Tuesday, December 06, 2016

Science and Religion: Continuing the Discussion

After the fall of Rome (476 CE), the writings of Aristotle and many other philosophers were largely lost to the Western world, although Plato's speculative thought progressively made its way into Christian theology. As ecclesiastical history indicates, the illustrious bishop Augustine of Hippo (354-430 CE) possibly mixed Neoplatonism with biblical teachings to form a synthesis of knowledge that endured until Thomas Aquinas (1225-1274 CE). Aristotelian philosophy then gradually became part of the curriculum in medieval universities: the Philosopher appeared to captivate some medieval denizens perhaps to a greater extent than Scripture. But what resulted from this admixture of Greek philosophy and scriptural tenets?

By the early thirteenth century, Aquinas proceeded to synthesize Aristotelian philosophy with Christian theology. He became known as the Church version of Aristotle. The so-called “Angelic Doctor” believed that by effecting this synthesis, he would provide sacra doctrina with more ammunition for defending the Church. So part of his reason for commingling philosophy and theology was to develop an apologetic bulwark against intellectual opponents of the Church. However, was this synthesis an augmentation of Christianity or did it somehow work against the Christian religion?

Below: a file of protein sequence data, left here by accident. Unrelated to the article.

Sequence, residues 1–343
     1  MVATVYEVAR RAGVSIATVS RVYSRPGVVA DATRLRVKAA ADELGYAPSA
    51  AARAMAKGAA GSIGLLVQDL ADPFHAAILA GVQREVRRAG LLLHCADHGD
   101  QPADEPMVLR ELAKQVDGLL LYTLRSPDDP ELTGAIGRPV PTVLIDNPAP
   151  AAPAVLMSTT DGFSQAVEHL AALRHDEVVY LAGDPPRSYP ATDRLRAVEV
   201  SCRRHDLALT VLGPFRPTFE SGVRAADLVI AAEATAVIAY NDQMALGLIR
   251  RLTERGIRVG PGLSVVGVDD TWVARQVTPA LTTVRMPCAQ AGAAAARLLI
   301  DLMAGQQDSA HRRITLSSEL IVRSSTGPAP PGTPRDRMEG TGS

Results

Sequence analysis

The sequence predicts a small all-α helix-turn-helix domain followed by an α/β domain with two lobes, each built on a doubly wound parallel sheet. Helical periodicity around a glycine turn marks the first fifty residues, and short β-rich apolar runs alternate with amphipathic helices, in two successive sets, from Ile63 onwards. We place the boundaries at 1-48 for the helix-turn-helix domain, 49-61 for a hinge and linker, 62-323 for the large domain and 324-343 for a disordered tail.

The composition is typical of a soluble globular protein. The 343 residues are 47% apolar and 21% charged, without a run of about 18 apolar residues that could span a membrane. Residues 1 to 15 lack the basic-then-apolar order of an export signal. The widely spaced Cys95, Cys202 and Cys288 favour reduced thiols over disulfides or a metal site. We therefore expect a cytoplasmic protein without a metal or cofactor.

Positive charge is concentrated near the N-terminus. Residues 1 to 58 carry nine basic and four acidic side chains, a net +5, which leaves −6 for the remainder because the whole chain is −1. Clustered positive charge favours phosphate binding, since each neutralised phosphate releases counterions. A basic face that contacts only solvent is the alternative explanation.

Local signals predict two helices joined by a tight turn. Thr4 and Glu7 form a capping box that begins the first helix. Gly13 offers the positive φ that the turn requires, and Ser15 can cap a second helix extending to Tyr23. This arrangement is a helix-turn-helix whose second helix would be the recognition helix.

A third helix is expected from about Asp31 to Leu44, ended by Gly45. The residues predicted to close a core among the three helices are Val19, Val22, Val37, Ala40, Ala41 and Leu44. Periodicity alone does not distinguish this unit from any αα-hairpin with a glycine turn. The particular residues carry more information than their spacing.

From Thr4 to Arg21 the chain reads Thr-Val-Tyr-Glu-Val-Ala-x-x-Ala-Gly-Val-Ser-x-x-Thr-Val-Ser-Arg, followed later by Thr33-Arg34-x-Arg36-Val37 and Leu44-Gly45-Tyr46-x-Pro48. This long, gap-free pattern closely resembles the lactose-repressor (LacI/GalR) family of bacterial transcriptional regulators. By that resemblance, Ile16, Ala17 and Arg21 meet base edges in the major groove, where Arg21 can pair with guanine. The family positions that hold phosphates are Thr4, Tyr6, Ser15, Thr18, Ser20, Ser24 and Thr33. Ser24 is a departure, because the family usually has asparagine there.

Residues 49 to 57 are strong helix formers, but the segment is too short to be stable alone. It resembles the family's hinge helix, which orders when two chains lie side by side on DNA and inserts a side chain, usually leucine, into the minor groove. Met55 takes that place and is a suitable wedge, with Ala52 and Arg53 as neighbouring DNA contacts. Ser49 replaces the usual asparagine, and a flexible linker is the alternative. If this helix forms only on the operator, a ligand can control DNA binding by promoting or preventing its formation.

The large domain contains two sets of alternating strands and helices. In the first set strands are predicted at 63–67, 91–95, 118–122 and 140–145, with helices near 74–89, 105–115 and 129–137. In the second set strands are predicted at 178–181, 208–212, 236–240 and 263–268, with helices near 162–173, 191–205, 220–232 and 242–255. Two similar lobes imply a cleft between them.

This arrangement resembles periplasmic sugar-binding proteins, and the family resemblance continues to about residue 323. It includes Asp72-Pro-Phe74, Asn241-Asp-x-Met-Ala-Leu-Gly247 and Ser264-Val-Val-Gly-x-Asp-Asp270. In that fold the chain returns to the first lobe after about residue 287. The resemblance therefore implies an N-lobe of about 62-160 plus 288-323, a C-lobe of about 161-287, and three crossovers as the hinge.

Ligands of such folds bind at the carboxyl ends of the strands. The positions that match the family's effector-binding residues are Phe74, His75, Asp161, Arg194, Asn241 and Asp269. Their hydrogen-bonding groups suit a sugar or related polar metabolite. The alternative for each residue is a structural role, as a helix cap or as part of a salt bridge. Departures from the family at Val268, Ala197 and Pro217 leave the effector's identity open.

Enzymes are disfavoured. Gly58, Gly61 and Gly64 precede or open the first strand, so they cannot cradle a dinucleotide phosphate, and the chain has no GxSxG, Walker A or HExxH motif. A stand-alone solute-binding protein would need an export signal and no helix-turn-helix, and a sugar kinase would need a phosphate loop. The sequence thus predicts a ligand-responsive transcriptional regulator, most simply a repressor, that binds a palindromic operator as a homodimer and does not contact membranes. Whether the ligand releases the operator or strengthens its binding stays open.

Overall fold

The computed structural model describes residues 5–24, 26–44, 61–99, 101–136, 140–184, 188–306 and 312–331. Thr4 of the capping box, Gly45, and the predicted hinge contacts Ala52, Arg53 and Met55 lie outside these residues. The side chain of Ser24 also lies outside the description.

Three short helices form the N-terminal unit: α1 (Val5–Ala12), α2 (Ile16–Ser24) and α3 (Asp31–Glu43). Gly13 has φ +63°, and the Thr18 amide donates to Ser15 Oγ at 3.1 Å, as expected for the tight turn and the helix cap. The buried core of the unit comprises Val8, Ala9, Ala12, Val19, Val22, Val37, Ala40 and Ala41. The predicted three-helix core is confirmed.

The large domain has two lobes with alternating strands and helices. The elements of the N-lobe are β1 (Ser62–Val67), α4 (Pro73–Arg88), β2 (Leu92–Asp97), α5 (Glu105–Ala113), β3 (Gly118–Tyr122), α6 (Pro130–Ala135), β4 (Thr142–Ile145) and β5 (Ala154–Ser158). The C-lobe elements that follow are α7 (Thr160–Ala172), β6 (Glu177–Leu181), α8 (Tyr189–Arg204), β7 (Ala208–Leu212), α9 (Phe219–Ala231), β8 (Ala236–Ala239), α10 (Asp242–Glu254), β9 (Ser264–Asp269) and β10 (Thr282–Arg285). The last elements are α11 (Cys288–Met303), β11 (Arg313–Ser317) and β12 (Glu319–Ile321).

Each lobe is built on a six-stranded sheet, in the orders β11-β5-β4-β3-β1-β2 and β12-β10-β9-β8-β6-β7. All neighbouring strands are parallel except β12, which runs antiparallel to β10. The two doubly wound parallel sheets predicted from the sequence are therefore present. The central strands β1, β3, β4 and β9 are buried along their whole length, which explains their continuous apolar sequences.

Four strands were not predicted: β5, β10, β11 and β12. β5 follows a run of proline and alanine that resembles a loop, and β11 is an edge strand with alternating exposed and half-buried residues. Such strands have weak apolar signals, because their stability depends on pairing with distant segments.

Duncan said...

Is "philosophy and religion" the same as "science and religion"?

Edgar Foster said...

The commonly posited and accepted response to your question is "no." Philosophy and religion are two separate domains, nor is science equivalent to philosophy.

1) Religion-starts from divine revelation
2) Philosophy-starts from/with human reason and emphasizes rationality
3) Science-empirically-based methods. More a posteriori approach to the world than a priori thinking.

Edgar Foster said...

Keep in mind that the blog post is also titled science and religion because my remarks were a continuation of an earlier submission. I'm eventually going to merge this post with another one.

Duncan said...

Thanks for clearing that up. The title and content had me confused.

Edgar Foster said...


You're welcome. The original post to which I'll be merging information is found here: https://fosterheologicalreflections.blogspot.com/2016/11/the-natural-limits-of-science-work-in.html